There’s an intensity between her and Oliver. The kind that exists in no line.
Practical Baum steps up immediately with the next line for Oliver. Reliable Baum who could recognize a crack in a wall a hundred yards away.
“Then perhaps we’ll meet again.”
Oliver flashes a smirk. It’s an expression Tracy has never seen on his face before. It’s dismissive is what it is. Oliver is silently telling Baum his line is silly. Oliver has no plans on ever meeting the city again. Oliver is home now.
“Then perhaps,” Oliver says, shrugging as he steps toward Tracy, “we’ll meet again.”
Good move, Tracy thinks. Oliver altered the line with body language. He’s adding subtext. Tracy tries to focus on this. Oliver is playing for real.
“Let’s hope it’s not in an alley,” Morris says.
Tracy steps toward Oliver. She stares hard into his eyes. Can he see the real her? The way she feels right now? Does Oliver have any idea how much he’s put us all through over the past few weeks, the last six months, hell, since the day we met him? Can he sense the pain and worry he’s caused not only Tracy but everyone who is in this room, all who have come to visit him, to check on him, can he tell?
Then, a flicker. Something in his eye that says yes. He sees it! Is it sympathy? Is he sorry? Did Oliver just confess without opening his mouth, without turning away?
Tracy steps past him and spins like she’s out of a noir thriller.
“Let’s hope it’s not in an alley,” she says. “A little too in the dark for my tastes. I like things to be in the light, open, known.”
Tracy’s broken the rules and everyone knows it, but everyone also wants to hear how Oliver responds. Because, let’s be real, Tracy’s speaking for everybody now.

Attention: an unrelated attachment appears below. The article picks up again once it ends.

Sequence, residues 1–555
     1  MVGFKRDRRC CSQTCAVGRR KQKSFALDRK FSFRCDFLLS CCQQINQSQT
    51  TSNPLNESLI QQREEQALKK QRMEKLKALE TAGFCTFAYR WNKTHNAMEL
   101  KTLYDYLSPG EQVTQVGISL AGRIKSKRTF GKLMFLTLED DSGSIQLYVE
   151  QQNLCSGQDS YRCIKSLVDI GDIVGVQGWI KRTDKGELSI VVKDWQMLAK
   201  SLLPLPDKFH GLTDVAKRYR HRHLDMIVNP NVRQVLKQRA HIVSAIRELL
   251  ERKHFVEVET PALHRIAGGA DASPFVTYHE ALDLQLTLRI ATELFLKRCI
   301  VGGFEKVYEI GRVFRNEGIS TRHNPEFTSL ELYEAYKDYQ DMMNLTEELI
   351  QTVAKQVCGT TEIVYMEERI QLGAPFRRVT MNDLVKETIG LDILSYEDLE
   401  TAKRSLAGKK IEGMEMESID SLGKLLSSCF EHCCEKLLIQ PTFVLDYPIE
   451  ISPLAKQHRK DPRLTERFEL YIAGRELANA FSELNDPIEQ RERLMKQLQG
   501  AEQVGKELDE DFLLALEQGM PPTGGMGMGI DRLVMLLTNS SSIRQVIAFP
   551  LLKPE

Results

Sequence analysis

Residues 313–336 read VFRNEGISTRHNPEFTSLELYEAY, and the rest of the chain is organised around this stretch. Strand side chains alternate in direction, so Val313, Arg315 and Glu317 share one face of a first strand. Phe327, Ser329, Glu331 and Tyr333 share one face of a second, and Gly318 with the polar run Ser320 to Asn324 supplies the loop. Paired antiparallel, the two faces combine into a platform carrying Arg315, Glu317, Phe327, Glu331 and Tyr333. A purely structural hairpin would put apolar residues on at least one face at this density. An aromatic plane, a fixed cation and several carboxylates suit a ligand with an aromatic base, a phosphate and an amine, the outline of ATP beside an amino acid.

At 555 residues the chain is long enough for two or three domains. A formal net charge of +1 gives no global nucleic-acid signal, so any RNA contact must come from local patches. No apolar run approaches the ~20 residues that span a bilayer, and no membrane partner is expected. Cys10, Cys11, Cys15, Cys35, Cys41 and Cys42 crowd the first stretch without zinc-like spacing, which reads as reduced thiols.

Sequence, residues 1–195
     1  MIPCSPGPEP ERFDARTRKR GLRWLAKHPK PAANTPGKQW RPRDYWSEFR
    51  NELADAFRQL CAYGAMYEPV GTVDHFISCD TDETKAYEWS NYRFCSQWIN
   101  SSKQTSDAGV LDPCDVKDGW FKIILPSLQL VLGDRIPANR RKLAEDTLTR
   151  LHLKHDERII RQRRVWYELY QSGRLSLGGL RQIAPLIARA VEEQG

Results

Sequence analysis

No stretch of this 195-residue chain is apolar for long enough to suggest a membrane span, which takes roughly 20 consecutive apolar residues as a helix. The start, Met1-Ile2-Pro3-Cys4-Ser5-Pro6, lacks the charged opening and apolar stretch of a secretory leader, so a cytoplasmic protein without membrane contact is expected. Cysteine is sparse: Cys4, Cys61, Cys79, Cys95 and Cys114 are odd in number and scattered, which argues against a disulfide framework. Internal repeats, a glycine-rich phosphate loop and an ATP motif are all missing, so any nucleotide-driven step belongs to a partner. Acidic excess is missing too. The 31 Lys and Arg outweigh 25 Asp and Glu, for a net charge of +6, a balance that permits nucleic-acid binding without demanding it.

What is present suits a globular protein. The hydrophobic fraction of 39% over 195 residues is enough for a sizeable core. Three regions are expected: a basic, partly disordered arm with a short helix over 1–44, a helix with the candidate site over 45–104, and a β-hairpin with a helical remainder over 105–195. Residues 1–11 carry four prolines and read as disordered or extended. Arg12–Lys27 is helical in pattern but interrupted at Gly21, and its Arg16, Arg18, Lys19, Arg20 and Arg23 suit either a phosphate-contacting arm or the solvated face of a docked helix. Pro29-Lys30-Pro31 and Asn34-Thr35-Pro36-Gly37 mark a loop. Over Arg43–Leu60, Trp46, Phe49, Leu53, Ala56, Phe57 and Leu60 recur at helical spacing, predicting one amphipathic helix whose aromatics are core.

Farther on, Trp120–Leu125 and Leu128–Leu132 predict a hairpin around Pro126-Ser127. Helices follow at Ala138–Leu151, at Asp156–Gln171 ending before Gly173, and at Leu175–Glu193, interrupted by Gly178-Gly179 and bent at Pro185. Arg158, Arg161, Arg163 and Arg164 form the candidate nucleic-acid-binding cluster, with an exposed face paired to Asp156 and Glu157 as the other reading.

And theater is therapy for those who know it.
“Line,” Oliver says.
There’s some deflation. They wanted him to respond impromptu. I wonder now if I felt the disappointment myself, hundreds of miles away in a hotel lobby bar in St. Louis as I checked my phone and saw none of them had responded with an update.
“I’m open as a speakeasy,” Connie says.
Some laughter. Would’ve been funnier on a different night. But right now, Connie has put Oliver in an odd place, whether he knows it or not. That part’s hard to tell. What she’s done is force him to say he’s being himself when they all believe he’s not.
Oliver opens his mouth to speak, then turns to face his friends. He’s breaking the fourth wall and Tracy’s heart picks up speed. Oh shit, she thinks, Connie pushed the right button. Oliver isn’t playing the game anymore. His eyes are bright beneath the living room light that has only grown in intensity as the sky has darkened outside. He looks his friends straight in the eyes, one by one.
He pauses at each without blinking, as if he might say anything but the line that was fed to him, anything else in the world.
He looks at Tracy last. His lips curled again in a completely unrecognizable, cocksure smirk. This isn’t the philosophical punk from New York City who once passed out on the subway and woke up on Coney Island. This isn’t the man who was mugged four times in four years and if his friends were honest with themselves they’d admit it was because Oliver looked the part, looked like someone who might be mugged. This isn’t the guy who shocked his friends to Hell and back when he quietly, shyly, mumbled that he’d met a woman named Donna and that this Donna was his antidote to a life without meaning, a life without color, without light.
This isn’t that guy anymore.
Rather, this is the look of someone who is and has always been in complete control of how he presents himself. The strongest man in the world and the charlatan that demands you pay to see him.
“Who’s hungry?” Oliver says.
Morris rockets to a standing and raises his hand. “Me!”
Rodney raises his hand, too.
Then they’re all saying yes, fuck yes, we’re hungry, good God, good game, that was fun, that was one helluva run.
“Great,” Oliver says, looking Tracy’s way. “Let’s migrate to the kitchen. Let’s eat.”